Greater Greater Washington

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Is a big building "incompatible" with a historic area?

Dupont Circle has a mix of large buildings, medium ones, and smaller rowhouses. If a property owner wants to build something as high as zoning allows, which is lower than some buildings but taller than most, is that "incompatible" with the historic character of the neighborhood? That's one debate around a proposed project at 18th and Church streets, NW.


Perspective view of proposed building on Church Street. All images from the project team unless otherwise noted.

This corner was once a grand gothic church which burned down from arson in 1970. The St. Thomas Episcopal parish has been using a secondary building, which had been their parish hall, ever since, but wants to build a new church.

St. Thomas solicited bids from developers who could build the residential building and a new church. The winner, CAS Riegler, then reached out to neighbors to understand people's desires around the project.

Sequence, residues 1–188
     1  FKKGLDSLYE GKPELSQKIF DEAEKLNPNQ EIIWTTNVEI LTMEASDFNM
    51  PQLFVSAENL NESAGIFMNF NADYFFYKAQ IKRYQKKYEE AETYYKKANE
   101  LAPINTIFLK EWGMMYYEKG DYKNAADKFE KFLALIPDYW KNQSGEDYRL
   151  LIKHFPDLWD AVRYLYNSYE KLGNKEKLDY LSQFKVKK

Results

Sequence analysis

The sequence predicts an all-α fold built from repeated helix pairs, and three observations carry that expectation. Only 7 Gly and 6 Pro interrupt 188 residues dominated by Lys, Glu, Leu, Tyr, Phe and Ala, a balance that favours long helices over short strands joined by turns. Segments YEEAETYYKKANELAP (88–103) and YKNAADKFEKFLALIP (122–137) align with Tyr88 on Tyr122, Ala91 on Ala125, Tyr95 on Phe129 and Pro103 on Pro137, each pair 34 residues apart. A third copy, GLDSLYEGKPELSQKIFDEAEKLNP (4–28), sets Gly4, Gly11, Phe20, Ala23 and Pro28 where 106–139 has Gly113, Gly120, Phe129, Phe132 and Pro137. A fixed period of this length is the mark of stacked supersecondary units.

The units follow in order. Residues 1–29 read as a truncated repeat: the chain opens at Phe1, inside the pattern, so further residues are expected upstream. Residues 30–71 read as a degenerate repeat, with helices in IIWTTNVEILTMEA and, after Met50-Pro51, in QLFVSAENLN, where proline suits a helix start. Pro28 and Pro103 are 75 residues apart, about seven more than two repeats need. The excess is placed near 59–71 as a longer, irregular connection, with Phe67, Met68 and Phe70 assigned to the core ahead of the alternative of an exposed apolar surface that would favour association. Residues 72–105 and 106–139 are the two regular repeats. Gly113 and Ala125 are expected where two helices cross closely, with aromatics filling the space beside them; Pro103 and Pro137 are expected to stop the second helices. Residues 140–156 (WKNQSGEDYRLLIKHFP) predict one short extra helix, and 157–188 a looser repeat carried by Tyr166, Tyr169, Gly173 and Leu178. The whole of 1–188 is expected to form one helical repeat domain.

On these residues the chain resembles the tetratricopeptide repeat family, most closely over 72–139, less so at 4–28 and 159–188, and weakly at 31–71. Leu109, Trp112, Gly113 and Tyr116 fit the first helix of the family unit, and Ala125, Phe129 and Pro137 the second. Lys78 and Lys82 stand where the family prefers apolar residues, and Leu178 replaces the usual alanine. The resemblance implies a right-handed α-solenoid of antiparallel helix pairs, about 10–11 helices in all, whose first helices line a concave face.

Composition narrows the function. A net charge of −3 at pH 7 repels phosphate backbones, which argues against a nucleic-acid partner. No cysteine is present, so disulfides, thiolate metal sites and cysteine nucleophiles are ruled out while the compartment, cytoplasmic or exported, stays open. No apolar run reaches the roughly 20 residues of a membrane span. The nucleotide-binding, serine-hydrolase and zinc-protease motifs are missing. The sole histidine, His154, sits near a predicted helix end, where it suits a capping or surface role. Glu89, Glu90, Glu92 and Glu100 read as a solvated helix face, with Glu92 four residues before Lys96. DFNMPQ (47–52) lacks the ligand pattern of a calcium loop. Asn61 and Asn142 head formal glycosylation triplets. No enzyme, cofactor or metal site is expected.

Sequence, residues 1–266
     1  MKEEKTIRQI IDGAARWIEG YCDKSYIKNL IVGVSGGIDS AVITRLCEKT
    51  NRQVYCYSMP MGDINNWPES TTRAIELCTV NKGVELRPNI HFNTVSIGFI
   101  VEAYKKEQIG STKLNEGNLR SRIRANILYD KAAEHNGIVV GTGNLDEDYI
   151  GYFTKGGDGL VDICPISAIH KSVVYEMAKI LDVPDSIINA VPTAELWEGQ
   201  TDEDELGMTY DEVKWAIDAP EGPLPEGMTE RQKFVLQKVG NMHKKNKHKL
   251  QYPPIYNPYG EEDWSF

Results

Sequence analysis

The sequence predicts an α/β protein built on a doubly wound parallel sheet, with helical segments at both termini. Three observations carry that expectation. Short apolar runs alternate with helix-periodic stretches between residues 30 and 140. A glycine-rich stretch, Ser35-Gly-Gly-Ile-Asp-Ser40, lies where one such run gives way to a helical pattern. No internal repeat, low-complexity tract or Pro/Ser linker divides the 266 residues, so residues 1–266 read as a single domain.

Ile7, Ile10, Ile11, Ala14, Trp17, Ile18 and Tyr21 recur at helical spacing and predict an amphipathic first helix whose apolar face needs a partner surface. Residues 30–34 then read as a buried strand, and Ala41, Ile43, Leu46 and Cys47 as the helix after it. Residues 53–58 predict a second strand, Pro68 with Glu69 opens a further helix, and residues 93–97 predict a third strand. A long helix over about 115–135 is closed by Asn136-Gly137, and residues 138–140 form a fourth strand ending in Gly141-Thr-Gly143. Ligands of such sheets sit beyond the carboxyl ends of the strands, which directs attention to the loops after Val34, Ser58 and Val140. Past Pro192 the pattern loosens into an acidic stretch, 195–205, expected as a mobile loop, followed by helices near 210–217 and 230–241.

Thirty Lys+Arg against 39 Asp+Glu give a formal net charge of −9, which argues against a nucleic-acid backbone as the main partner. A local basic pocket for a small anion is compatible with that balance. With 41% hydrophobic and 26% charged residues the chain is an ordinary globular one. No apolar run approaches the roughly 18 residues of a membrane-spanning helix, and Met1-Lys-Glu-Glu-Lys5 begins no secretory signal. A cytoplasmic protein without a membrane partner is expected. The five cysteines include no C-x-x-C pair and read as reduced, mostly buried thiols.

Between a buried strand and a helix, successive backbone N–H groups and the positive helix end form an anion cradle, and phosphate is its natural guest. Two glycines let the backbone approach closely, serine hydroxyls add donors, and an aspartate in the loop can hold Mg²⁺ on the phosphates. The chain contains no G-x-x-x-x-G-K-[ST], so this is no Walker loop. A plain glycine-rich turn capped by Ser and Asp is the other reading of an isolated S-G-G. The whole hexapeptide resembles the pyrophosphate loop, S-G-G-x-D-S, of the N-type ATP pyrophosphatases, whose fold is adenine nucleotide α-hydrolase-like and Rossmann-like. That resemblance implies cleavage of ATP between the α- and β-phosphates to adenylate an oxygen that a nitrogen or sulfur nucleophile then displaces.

Neighbors who share the alley with the church wanted some open space along the alley. The current parish hall comes right out to the alley, and the neighbors wanted it set back from the alley. It also would mean that if the residential building extends upward, it would not block light from the southwest which they get in afternoons and evenings.

The architects, from MTFA (for the church) and Hickok Cole (for CAS Riegler) accommodated this. They also reversed a parking ramp so that drivers going in and out of the parking garage would not travel all the way down the alley, and they set back upper floors from the adjacent townhouses.


Perspective view of proposed building on 18th Street.

The church and developer did not, however, accede to requests from some neighbors to significantly shrink down the project to more like four stories. Neighbors have been organizing to oppose the project.